The maxillaries are typically horizontal, not separately movable, with a series of teeth.
The maxillaries are connected with the distal anterior corner of the quadrate by the thin, splint-like jugal and quadratojugal.
Snakes possess teeth in the maxillaries, mandibles, palatine and pterygoid bones, sometimes also in the intermaxillary; they may be absent in one or the ether of the bones mentioned.
In some all the teeth are nearly of the same size; others possess in front of the jaws (Lycodonts) or behind in the maxillaries (Diacrasterians) a tooth more or less con spicuously larger than the rest; whilst others again are distinguished by this larger posterior tooth being grooved along its outer face.
Eyes free; with a pair of poison-fangs in the front part of the mouth, carried by the otherwise toothless, much shortened, and vertically erectile maxillaries; ventral scales transversely enlarged: Viperidae.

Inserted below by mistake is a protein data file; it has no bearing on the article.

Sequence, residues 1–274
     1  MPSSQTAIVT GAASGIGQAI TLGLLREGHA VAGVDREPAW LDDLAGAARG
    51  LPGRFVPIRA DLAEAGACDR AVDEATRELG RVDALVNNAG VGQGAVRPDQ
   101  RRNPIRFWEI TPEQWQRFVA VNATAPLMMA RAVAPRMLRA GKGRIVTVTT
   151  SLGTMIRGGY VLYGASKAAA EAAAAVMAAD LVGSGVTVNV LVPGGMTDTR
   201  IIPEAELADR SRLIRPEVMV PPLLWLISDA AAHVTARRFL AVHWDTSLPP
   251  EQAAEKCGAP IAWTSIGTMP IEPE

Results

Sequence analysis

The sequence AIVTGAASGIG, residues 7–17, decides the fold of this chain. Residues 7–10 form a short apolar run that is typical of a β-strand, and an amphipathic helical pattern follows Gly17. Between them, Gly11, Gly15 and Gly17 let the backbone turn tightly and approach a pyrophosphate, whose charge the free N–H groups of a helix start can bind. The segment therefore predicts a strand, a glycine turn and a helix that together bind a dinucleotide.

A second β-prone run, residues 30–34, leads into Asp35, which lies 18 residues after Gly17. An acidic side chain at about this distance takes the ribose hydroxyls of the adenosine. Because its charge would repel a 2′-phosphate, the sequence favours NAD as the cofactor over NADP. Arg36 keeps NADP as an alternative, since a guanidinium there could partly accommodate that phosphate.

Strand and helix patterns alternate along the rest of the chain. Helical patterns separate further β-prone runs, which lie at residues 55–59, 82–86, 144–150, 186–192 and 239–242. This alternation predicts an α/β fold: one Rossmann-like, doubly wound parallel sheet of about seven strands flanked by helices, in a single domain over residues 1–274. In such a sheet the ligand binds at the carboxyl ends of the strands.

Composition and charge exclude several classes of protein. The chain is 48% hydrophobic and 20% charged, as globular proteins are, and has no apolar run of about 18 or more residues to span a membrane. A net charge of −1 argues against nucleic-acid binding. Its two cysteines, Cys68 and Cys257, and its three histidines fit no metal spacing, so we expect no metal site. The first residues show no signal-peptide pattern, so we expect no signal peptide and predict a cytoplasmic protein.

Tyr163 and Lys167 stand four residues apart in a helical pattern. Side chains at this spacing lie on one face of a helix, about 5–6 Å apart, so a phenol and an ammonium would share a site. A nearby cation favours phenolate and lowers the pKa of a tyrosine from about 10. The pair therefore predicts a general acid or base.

- Burrowing like the Typhlopidae, which they much resemble externally, but the maxillaries retain their normal position and are toothless, teeth being restricted to the lower jaw, which is short, stout, and not distensible.
Sharp, recurved teeth are carried by the mandibles, the pterygoids, palatines, maxillaries, and in the Pythoninae by the premaxillaries also.
- Maxillaries horizontal and forming the greater portion of the upper jaw, which is toothed like the lower jaw; coronoid of mandible absent.
Characterized by possessing only a few teeth, on the posterior part of the maxillaries, on the palatines and Coronelline Nymphophidium, the same effect is reached by two prominences at the base of the skull.
Viperidae.-The maxillaries are very short, movably pivoting upon the prefrontals and also attached to the ectopterygoids, so that they can be erected together with the large poison fangs, which, besides reserve teeth, are the only maxillary teeth.
(a) Nasal bones very small, and widely separated from the premaxilla (which encloses the nostrils) by the maxillaries which join each other for a long distance along the dorsal mid-line....